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Chinese swimmer Sun Yang allowed public trial for doping hearing

chinadaily.com.cn | Updated: 2019-08-21 10:59
Second placed Mack Horton (left) of Australia keeps his distance to winner Sun Yang (center) of China while they pose with their medals after the men's 400m Freestyle Final during the Gwangju 2019 FINA World Championships in Gwangju, South Korea, on July 21, 2019. Gabriele Detti (right) of Italy finishes third. [Photo/IC]

Controversial Chinese swimmer Sun Yang will get a public hearing by the Court of Arbitration for Sport (CAS) over an appeal brought by the World Anti-Doping Agency (WADA) against him and the Federation Internationale De Natation Association (FINA) which claimed Sun did not violate doping regulations after an out-of-competition test last year.

The open hearing by the Court of Arbitration for Sport will probably be in Switzerland but is "unlikely to be before the end of October," the court said on its website Tuesday, and "will be open to the public (including the media)."

The court did not reveal the exact date and gave no detail of which party asked to postpone the process. It was previously reported to be scheduled in September.

Public trial is not common in the court's history as Sun will be only following another three-time Olympic swimming champion, Michelle Smith de Bruin of Ireland, as the only athlete opting not to have a closed-door hearing in the court's 35-year history.

Smith de Bruin challenged a four-year ban imposed by FINA in 1998 two years after the Atlanta Olympics for allegedly tampering with a urine sample by adding alcohol.

A panel of three CAS judges heard the case over two days in May 1999 in its home city Lausanne, Switzerland, and upheld the original verdict.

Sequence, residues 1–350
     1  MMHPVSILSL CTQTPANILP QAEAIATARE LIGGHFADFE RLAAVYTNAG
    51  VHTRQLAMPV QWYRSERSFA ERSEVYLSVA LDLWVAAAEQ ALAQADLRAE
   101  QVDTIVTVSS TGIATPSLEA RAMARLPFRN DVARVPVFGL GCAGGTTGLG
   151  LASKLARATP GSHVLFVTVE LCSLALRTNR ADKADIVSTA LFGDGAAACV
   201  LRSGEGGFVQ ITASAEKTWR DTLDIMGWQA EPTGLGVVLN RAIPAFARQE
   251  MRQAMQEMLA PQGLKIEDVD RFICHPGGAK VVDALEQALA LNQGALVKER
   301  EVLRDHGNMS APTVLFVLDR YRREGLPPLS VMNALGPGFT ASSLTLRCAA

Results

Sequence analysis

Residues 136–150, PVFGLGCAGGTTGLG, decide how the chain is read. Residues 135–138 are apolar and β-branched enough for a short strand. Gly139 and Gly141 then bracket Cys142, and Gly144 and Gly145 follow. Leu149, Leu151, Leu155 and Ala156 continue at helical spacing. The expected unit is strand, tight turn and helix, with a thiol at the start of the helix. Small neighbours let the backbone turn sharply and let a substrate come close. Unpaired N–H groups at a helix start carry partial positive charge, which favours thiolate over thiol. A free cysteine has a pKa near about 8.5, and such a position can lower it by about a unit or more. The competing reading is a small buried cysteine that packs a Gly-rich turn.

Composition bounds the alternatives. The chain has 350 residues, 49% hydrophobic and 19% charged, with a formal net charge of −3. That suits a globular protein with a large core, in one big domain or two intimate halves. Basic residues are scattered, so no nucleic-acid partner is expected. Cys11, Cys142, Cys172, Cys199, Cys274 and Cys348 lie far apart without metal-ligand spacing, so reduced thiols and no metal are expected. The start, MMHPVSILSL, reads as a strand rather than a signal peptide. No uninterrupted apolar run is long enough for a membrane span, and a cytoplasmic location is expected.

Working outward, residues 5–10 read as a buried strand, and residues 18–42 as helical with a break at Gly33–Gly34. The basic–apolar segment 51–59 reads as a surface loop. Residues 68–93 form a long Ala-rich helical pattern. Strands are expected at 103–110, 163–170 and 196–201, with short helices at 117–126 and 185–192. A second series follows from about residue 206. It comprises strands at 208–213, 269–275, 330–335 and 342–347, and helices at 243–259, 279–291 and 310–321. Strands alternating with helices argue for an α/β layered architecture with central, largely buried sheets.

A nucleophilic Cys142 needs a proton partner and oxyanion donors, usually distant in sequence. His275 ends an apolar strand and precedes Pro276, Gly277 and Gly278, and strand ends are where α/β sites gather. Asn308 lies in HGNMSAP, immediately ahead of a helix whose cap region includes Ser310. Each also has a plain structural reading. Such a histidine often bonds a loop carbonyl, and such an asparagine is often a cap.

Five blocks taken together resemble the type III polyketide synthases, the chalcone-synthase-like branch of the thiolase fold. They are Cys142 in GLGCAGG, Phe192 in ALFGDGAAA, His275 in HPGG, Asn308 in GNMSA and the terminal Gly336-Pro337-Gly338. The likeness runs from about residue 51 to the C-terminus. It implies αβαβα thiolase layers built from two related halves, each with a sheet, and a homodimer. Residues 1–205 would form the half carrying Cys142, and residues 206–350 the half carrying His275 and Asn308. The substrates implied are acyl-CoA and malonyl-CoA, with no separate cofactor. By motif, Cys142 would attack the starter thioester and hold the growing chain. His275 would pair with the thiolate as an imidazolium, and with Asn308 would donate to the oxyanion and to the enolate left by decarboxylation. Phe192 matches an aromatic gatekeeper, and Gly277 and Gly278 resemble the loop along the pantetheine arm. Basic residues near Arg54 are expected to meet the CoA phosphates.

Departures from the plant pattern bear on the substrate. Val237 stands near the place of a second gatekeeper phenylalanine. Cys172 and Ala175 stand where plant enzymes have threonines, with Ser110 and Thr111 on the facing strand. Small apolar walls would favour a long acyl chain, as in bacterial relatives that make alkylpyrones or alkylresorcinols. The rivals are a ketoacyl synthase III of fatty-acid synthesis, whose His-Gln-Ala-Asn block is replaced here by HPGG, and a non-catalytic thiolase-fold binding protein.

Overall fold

Details of evidence in the previously confidential court process were published on the eve of the world championships held last month in South Korea.

A media release from the CAS on Tuesday says Sun Yang's hearing will be held in public

Swimmers from Australia, Britain, and the United States objected to Sun being allowed to compete in Gwangju while the appeal case was pending. After Sun won the 200 and 400 meters freestyle events, medalists from Australia and Britain made silent protests at the podium.

The first male Olympic swimming champion of the country won two gold medals at the 2012 London Olympics and one in Rio de Janeiro four years later. He could be banned from the Tokyo Games next year because of incidents at his home in China last September.

A collection team sent to take blood and urine sample failed to complete its work in an escalating late-night dispute.

Sun disputed an official's credentials, and a vial of blood handed over to his entourage was destroyed with a hammer.

WADA challenged swimming body FINA's verdict in January that a warning was enough for Sun, who served a three-month ban in 2014 for a positive test.

The CAS hearing should be the first in public since the European Court of Human Rights last year said athletes should have more rights to open the sports court to scrutiny.

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